Lastly, have your chlorinator tested at the local pool supply store if none of the above apply.

no clorine

Postby geo » Thu 07 Jun, 2007 20:56

my neighbor had this problem last year anr the local pool store found high levels of nitrogen in the pool, sounds weird the test takes 24 hours to run the only way I see nitrogen going in the pool is from lawn fertilizer. The guy at the local pool place said the nitro level was so high he had to lower the level by half and had to refill the pool now I am having the same problem with no clorine reading so mine is going to be tested tomorrow
Frustrated in Portland


Postby Frustrated in Portland » Fri 08 Jun, 2007 13:03

We were told by our pool maintainance company that we have a chlorine lock and the pool tested high ammonia (3 times normal). Long story short: This is the 4th time between last year and this summer that we've had to drain the pool down and refill and I'm sick of it. We don't know what the source of the ammonia is - don't fertilize, no huge crowds of people, pool is 12 years old and never had a problem until last summer.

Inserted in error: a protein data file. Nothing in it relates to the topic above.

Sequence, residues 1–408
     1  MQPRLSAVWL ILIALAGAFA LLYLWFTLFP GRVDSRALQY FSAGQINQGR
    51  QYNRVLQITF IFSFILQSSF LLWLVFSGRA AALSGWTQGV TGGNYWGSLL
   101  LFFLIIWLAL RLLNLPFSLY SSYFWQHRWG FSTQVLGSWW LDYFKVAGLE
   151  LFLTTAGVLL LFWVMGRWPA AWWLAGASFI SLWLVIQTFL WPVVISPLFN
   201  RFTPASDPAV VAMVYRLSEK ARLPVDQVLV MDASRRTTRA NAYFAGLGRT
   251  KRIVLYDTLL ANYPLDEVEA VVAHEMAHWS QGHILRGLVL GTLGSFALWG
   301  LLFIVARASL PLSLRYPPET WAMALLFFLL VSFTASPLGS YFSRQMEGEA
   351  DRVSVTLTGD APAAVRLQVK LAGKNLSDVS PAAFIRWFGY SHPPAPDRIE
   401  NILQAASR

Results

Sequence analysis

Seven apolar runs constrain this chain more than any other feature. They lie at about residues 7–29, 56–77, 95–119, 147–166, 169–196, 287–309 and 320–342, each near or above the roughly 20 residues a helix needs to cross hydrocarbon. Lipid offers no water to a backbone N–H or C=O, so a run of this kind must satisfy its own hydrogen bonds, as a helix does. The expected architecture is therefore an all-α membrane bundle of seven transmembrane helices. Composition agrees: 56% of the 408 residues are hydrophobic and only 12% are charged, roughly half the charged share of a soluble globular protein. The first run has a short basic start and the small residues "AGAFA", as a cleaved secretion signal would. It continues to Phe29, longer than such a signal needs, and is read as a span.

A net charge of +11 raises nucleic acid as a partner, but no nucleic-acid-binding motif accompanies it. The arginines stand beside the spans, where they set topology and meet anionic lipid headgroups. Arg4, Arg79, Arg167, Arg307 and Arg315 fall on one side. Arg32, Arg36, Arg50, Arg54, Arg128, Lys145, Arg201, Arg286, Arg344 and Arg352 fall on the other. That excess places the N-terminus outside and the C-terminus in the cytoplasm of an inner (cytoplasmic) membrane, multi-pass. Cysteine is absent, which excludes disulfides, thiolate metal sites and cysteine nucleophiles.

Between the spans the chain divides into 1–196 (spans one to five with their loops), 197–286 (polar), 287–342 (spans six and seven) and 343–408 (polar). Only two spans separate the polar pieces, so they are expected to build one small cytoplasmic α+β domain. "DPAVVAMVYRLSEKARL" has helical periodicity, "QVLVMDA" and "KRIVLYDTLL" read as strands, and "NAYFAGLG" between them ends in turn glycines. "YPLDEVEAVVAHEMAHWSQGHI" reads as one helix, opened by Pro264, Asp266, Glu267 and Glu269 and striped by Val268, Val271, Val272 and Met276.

Oh, by the way, the drain/refill last week only took the level down to 2 so we may have to do it again. Very expensive and in the meantime, nobody is swimming! Anyone have any experience in this?
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Re: Ammonia

Postby Backglass » Fri 08 Jun, 2007 13:31

Frustrated in Portland wrote:Anyone have any experience in this?
Chlorine lock is caused by high levels of CYA (stabilizer). After you get the levels down, switch to liquid chlorine. If you go right back to pucks and dry shock, you will eventually be back in the same (locked) boat again.

The ammonia is coming from <DRUMROLL> Your kids! Perspiration and Urine are mostly ammonia but because of the chlorine lock, they couldn't be removed and thus built up.